Many Pole-dancers are so committed to their nation's cultural heritage that they willingly stay behind after hours offering extras to eager audience members. Interestingly, though Poles are very patriotic a frequent request is for "A bit of French".
Other European Folk-Dance Traditions
Morris Dancing is recorded as far back as 1948 and involves teams of up to twelve men who tie bells to their limbs and wave hankies in the air while beating each other's bladders with sticks. The meaning of this tradition is unknown but it is thought to involve loneliness and cider.
In Bavaria and Austria, where homosexuality is less frowned upon, Schuhplattlers can be seen in most tourist hotels. In this tradition a group of between 6 and 8 men in tightly fitting leather underwear slap their shoes in ever faster rhythms until eventually half the troupe perform a hand-stand while the remaining dancers continue the percussion on their buttocks.
Once the dance is completed, the Schuhplattlers make themselves available for hire in the hotel lobby. A bar-fee is payable to the manager for lost time and the dancer and his admirer negotiate their own rate in privacy.
The Basque people have resided in Europe almost as long as the Lapps. Their war-like ways have struck fear into the hearts of their neighbours through the centuries and yet Basque dancing is strangely restrained, involving little more than the slow movement of well-endowed maidens in restrictive underwear until either she or her audience faint. Extreme Basque dancing involves the planting of small explosive devices in railway stations, the telephoning of a bomb-threat to a National Newspaper and the production of goats' cheese to the accompaniment of accordion music while dressed only in a corset.
In an increasingly modern world folk-tradition can seem staid and old-fashioned. The young look beyond the narrow confines of their grand-parents and dance has become an area for individual expression. However, despite their escape from cultural confines it seems that humans just can't resist the temptation to live-out their sexual fantasy on the dancefloor
The epicentre of barn-dancing is Louisiana where a man may marry his cousin in sure and certain knowledge that she is also his sister. In this sexually-liberated oasis there is still a need for dance, however, for this is the home of the barn-dance. Barn dancing shares some similarities with the Scottish pork-sword dance and the Irish slip-jig but away from the restrictions of the Old World, Barn-dancing has evolved into a social spectacle unique in the world.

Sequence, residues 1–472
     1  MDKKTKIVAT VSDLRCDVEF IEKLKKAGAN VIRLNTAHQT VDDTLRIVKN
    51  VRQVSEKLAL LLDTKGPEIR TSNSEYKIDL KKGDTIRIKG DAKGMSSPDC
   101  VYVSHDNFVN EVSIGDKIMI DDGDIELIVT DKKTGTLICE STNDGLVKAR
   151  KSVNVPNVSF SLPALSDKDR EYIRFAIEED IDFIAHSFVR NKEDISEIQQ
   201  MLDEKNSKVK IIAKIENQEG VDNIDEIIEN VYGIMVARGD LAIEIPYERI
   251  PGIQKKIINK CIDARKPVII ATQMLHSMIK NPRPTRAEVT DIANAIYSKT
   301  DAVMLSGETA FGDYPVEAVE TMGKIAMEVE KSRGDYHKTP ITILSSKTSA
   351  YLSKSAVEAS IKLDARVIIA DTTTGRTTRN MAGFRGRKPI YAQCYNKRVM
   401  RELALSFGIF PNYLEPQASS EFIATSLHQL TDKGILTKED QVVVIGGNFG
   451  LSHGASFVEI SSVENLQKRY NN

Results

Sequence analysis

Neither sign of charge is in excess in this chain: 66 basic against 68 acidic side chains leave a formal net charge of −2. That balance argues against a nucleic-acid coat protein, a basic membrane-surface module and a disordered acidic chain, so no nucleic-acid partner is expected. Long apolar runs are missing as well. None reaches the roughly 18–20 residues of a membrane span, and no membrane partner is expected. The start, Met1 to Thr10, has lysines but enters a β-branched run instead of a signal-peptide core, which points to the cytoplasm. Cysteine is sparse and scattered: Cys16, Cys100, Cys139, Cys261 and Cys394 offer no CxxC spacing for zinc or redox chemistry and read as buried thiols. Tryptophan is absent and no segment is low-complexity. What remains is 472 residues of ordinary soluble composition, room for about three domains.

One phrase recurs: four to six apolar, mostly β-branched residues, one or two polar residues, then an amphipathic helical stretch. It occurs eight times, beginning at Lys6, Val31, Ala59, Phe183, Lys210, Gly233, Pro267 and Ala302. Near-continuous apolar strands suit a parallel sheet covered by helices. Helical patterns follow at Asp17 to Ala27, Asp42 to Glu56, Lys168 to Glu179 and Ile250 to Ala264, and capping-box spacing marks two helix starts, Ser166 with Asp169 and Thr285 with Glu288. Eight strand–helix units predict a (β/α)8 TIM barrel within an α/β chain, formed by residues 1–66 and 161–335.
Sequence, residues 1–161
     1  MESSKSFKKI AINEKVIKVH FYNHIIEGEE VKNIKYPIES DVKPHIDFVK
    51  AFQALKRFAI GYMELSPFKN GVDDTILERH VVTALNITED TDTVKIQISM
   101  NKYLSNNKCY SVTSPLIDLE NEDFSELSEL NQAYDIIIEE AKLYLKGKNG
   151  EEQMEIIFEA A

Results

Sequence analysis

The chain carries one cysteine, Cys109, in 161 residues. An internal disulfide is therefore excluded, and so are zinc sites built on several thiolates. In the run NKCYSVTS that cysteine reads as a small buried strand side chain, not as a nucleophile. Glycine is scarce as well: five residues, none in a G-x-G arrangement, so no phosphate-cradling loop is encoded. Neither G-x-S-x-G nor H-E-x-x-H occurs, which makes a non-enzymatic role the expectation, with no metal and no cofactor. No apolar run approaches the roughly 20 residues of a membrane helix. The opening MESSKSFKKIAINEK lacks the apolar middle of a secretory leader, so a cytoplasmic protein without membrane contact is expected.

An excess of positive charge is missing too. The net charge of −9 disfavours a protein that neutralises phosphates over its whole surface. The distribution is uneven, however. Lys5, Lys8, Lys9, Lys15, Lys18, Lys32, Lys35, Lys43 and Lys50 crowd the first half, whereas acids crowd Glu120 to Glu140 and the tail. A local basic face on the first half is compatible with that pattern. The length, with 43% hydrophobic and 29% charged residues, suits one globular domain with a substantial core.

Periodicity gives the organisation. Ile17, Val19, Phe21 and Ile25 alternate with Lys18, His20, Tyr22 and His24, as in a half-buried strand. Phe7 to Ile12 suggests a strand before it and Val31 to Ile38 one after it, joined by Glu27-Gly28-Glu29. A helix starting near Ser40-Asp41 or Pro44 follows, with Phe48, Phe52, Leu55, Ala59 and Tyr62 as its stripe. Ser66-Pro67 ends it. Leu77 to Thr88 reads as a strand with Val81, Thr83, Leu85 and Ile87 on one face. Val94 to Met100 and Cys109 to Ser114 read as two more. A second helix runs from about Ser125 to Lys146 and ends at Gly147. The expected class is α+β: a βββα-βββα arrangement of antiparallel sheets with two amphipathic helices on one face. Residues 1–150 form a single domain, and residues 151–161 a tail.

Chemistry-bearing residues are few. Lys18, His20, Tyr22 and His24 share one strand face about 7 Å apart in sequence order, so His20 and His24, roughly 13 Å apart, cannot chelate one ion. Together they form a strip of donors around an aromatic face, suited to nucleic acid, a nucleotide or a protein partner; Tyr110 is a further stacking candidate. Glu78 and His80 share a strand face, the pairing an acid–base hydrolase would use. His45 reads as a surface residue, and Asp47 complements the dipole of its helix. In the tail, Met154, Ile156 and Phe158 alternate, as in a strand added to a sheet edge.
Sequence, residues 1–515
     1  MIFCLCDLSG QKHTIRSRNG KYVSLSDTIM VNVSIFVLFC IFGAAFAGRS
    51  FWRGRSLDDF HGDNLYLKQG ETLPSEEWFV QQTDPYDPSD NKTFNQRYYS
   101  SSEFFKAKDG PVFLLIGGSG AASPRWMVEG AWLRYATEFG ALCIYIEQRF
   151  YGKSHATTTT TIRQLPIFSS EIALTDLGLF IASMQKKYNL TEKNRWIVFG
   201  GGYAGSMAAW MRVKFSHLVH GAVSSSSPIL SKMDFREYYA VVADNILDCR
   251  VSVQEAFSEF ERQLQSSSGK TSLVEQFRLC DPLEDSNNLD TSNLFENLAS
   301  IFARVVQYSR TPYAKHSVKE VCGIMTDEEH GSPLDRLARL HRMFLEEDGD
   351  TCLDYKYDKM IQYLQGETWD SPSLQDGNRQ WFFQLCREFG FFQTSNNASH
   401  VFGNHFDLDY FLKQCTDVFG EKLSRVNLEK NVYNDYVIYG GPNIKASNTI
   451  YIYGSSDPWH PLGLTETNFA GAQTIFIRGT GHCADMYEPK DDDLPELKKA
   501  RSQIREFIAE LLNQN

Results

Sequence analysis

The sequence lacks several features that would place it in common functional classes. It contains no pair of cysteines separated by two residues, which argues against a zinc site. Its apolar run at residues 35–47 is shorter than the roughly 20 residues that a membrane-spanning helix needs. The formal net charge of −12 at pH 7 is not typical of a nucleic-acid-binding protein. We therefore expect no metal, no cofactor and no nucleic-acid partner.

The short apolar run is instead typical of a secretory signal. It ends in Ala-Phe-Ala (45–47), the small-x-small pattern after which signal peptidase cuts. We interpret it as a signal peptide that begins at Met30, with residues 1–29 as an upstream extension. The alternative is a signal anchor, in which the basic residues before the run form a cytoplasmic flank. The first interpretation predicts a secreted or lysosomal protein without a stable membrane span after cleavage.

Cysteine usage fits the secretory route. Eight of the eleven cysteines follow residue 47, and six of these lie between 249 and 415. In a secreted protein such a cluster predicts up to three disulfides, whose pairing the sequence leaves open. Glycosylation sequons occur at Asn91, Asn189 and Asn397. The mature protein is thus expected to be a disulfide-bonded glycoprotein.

Due to the year-long clement climate, Barn-dances may happen at any time but always involve a select group of men, generally farm-workers, congregating within a barn on a Sunday evening. Much moonshine is consumed before the "Dance" can begin but, fortified with spirit, partners are finally selected and to the reel of violins and squeal of hogs the dance gets under way. A barn-dance may last anything from three minutes to several hours depending on the vigourousness of the dancers and willingness of the stock.
Since the 1970s successive American governments have tried to abolish this home-spun tradition, citing animal cruelty, bestiality and offences against stringed instruments amongst the reasons. However, barn-dancing has thrived, evolving into line-dancing where young men inhale cocaine through a straw before sexually abusing their beast of choice.
In the late Nineteenth and twentieth centuries novelty dances became increasingly popular and this trend shows no sign of diminishing as the twenty-first century gets under way. But what do these modern takes on dance have to teach us about our increasingly sophisticated sex-lives?
The early twentieth century gave us Swing. In the 1940s, with the threat of violent death around every corner, young men and women took to exchanging partners with alacrity. After a quick two-step on the dance-floor many ladies would excuse themselves from their partner and seek out another man less exhausted from physical exertion. Inevitably, after a few minutes of gyration, the second man would be temporarily spent and the lady would once again seek a man capable of keeping up with her physical needs.
It is from Swing that we gained that staple of cheap-skate bordello-wallahs - the hand-jive. This deceptively simple dance could be enjoyed in a variety of positions; standing, seated or, most comfortably, in a prone position. The hand-jive was particualrly popular with male-dancers but many a lady has enjoyed the same experience in the privacy of her own chamber.
Dance crazes come and go as the rhythms of popular music change but, despite this uncertainty, one fact remains constant - man can no more ignore the impulse to dance than he can ignore the need to share his bodily fluids.